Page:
Even the President’s Budget Suggests We Are Below Full Employment
AB reader Fred C. Dobbs directs us to the Economic Assumptions chapter for the President’s budget. Starting on page 171, we see:
When the economy is operating below potential, the unemployment rate exceeds the long-run sustainable average consistent with price stability. As a result, receipts are lower than they would be if resources were more fully employed, and outlays for unemployment sensitive programs (such as unemployment compensation and food stamps) are higher; the deficit is larger (or the surplus is smaller) than would be the case if the unemployment rate were at its sustainable long run average. The portion of the deficit (or surplus) that can be traced to this factor can be called the cyclical component. The portion that would remain if the unemployment rate was at its long-run value is then called the structural deficit (or structural surplus) … Other factors unique to the current economic cycle provide other examples of less-than-complete cyclical adjustment. The extraordinary fall-off in labor force participation, from 67.1 percent of the U.S. population in 1997–2000 to 66.0 percent in 2004–2005, appears to be at least partly cyclical in nature, and most forecasters are assuming some rebound in labor force participation as the expansion continues. Since the official unemployment rate does not include workers who have left the labor force, the conventional measures of potential GDP, incomes, and Government receipts understate the extent to which potential work hours have been under-utilized in the current expansion to date because of the decline in labor force participation. A third example is the fall-off in the wage and salary share of GDP, from 49.2 percent in 2000 to 45.6 percent in the second quarter of 2004. Again, this change is widely suspected to be partly cyclical. Since Federal taxes depend heavily on wage and salary income, the larger-than-predicted decline in the wage share of GDP suggests that the true cyclical component of the deficit is understated for this reason as well.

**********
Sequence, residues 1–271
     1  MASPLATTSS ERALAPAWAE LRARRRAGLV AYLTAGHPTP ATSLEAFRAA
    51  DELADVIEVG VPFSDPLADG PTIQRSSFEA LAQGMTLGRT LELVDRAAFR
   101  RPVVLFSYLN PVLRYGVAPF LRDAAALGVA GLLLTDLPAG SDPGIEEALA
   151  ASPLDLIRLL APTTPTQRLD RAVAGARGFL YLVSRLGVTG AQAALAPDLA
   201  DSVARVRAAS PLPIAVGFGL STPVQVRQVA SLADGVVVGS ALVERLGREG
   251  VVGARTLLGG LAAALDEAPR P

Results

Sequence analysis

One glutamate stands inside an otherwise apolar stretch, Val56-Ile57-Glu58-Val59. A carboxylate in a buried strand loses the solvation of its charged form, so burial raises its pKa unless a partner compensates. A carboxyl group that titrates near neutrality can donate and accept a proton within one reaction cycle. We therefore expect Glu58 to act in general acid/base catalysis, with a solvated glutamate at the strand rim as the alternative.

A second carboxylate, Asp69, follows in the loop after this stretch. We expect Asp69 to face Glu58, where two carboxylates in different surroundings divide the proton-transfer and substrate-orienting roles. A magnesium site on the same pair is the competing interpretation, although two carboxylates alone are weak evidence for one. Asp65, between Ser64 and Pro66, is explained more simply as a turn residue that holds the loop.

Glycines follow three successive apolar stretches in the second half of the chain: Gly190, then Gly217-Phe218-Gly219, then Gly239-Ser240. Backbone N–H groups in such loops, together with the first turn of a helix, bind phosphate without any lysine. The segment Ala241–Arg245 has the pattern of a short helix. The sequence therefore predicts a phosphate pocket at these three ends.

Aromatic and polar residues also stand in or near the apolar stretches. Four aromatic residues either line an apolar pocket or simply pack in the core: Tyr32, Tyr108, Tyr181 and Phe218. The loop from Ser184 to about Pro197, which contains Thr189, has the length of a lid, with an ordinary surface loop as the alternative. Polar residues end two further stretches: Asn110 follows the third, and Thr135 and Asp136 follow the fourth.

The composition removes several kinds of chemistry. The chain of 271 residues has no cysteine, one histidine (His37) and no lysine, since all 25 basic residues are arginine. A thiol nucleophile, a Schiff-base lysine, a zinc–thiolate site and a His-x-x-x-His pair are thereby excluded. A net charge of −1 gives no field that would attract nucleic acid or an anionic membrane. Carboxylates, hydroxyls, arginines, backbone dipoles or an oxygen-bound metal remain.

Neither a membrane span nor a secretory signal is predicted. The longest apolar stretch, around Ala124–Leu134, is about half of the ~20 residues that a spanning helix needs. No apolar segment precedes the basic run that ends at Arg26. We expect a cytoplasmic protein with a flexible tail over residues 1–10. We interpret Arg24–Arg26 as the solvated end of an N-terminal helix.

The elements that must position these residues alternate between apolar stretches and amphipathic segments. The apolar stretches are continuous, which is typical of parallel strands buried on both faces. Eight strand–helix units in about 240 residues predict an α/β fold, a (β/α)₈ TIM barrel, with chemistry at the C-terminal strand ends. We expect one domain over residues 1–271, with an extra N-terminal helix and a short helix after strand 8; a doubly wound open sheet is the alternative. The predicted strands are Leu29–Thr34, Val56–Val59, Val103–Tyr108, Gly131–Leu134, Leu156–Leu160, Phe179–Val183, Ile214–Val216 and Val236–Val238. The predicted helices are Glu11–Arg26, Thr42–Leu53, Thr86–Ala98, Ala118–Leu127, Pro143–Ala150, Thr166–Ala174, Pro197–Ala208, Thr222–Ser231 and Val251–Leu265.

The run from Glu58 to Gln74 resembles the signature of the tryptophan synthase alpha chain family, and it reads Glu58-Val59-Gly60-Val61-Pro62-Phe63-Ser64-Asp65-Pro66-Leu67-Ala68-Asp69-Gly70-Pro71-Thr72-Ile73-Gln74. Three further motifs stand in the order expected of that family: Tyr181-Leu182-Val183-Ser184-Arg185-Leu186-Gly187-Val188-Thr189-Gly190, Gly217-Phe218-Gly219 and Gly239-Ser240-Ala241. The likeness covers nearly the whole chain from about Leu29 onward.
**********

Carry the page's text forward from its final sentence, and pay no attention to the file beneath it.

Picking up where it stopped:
Who wrote these words of wisdom and why? I wish I could take credit for this discussion, but Karl Rove did not invite me to contribute to this document. Could it be that he has decided to call upon Brad DeLong or perhaps Max Sawicky?
While such a decision would be a welcome change from the usual spin from this White House, I kind of doubt it. After all, these words were not written to finally admit that the labor market is still weak in spite of all those tax cuts over the past couple of years. Besides, the purpose of these paragraphs seems to be to excuse the large and continuing deficits.